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Two of my colonies are jam packed as of last weekend and I am worried about swarming. I'm in SE Michigan with daytime temps forecast to be below 60F for the next 10 days. I really don't want to go in the nest when it's so cold so I am open to suggestions about what to do. Usually, our swarm season isn't until mid May but the climate has been getting warmer much earlier than 10 years ago. Should I open the brood nest & look OR should I wait?
 

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If there are many signs of swarming and you're concerned it wouldn't hurt to tip the hive body and look underneath for swarm cells. If there are none, then I wouldn't worry about it. If there are, they will likely swarm out on the first warm day you get if you don't interfere.

It certainly won't hurt them to have a peak at the warmest time of the day and would certainly be better than losing them. Especially if they are out flying and growing fast enough for you to be concerned, they'll be strong enough to not be effected by a peek.
 

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Lately I've been reading about the effects of temperature on brood development, and it does seem that being chilled can retard it. However, you have to balance that with the potential loss of bees heading for the hills when the weather suddenly gets better. I've had cold, wet Springs where, on the first warm, sunny day I've had to run around getting swarms out of trees.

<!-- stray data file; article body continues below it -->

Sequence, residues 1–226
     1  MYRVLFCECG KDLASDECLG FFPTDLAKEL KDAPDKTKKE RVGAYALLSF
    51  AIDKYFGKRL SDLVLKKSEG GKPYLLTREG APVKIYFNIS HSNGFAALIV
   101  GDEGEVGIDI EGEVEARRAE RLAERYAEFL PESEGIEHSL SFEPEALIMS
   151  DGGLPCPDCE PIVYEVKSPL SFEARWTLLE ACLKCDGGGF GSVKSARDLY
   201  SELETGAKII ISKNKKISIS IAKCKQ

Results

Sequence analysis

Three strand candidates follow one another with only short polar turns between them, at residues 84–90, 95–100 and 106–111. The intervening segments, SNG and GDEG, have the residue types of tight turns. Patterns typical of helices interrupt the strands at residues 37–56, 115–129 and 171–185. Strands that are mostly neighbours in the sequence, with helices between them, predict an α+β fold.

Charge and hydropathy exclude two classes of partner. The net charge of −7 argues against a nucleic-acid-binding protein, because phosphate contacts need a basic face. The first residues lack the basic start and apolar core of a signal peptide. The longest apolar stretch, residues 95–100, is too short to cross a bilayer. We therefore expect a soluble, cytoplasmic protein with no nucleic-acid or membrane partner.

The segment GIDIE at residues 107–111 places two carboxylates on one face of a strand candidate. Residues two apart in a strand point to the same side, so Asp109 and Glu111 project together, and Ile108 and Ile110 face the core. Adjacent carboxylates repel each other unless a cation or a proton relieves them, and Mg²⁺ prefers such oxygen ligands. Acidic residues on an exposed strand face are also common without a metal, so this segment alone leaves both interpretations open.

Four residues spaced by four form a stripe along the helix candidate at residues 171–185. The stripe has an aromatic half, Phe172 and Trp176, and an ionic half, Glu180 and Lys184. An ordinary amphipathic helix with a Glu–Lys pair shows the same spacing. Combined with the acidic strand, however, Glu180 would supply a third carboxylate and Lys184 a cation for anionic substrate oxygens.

According to what I've been reading, a short exposure to cooler than optimal temperatures will not hurt too much, so as long as you make your checks quickly and there are plenty of bees covering the frames you're not going to do a lot of damage. A few years ago I had a hive get blown over during a blizzard with high winds. The cover was gone and the boxes were on their sides in the snow...might have been as much as two days before I found them like that. Surprisingly***, they were still clustered and didn't seem much bothered by their condition, temps were high 20s/low 30s IIRC. I put them back together and they did fine. I don't know how much brood they might have had because I didn't pull any frames to look.

If I were you, and I thought they might be likely to swarm, I would look and make splits if I found cells. In fact, after the snowstorm I'm forecasted to get this weekend I'm probably going to be doing it- they've been bringing in pollen for some weeks now and I think I really need to get in and see what's going on. Those hives went from nucs to swarms in just about a month's time last year so I'm thinking they've got some pretty *****in queens and I don't want to lose them (they were new queens last year).

***(When I noticed the boxes had been blown over, I truly expected that there would be nothing but dead bees and I was amazed to see them still doing their thing.)
 
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